What exactly is a “Military Brat”? How do you become one, and is it possible for Military Brats to return to the civilian world and forget their past?
Wikipedia, the internet encyclopedia, has a great definition and a lot of background on the term, if you are interested.
Go to: Military Brat (U.S. Subculture)
My own personal definition is a Military Brat is someone, who, as a child, grows up in a family where one or more parents are “career” military, and where the children move from base to base, experiencing life in several different places and possibly different countries.
Depending on when a Military Brat is born and where the parent is in his career with the military, brats may have a short or a long exposure to the military way of life.
Once a brat, always a brat?
My own experience was that my father was one of many soldiers drafted into the Korean War, and decided to make a career. From an early before the first grade through high school graduation, we moved around the U.S. and were stationed in Germany twice.
Some brats think that once they give up their I.D. card and after they are grown up and away from the life they knew, they are no longer a Military Brat.
The reality is that growing up on bases and being subject to the many rules and the culture of the military is actually life changing.
Many Military Brats who join the online community I started, Military Brats Online, report in their profile that as they grew older they realized more and more how different they were from civilians who generally live in one area for most of their lives.
There can be no doubt that the discipline and patriotic values instilled upon us as children can last a lifetime.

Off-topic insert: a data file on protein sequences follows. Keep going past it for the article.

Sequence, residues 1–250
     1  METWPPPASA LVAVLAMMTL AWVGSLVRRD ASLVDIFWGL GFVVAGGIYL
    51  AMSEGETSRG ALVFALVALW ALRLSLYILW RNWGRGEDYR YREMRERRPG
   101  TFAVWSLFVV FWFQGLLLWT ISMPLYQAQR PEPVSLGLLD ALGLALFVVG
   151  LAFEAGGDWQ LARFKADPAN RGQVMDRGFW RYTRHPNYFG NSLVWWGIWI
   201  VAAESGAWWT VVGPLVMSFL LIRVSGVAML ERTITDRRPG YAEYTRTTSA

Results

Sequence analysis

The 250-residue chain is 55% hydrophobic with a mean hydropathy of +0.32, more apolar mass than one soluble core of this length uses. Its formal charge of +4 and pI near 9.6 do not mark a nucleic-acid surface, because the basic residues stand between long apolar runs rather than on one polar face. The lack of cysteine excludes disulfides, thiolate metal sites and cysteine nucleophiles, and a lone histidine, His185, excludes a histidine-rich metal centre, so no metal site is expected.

For many Military Brats, growing up in a military family leads to service in the U.S. military. My brother went in the Air Force and my youngest sister married a career Army officer (who was also a Military Brat).
I always knew military service was an option for me, but I have always wanted to learn more about what was around me and growing up in Germany gave me a lifelong appreciation of other cultures, art, museums and travel.
My mother and father grew up on farms in north Alabama, and felt that my father’s career in the Army could provide a better standard of living than we would have had growing up on a farm.
I certainly have no regrets about my growing up on different bases.
Then it hits you
I really didn’t think that much about it in my twenties, as I had started college and worked part time at a printing company. But my dad, mother, and two sisters continued to move around and I did miss them and discovering the new bases.
In my thirties I realized that I was different from everyone, except from other Military Brats. In 1995 decided to try my hand at starting a website, and created the first version of Military Brats Online in an early attempt to capture the unique stories and aspects of our very different culture.
Today, on the website I get many comments from fellow Military Brats who for years felt they were apart from the mainstream of society, outcasts in a way.
The great thing about the Internet is that it is a great tool for finding “lost” friends and reconnecting with friends and making new friends, and realizing that we are not alone, and there is a whole new generation of Military Brats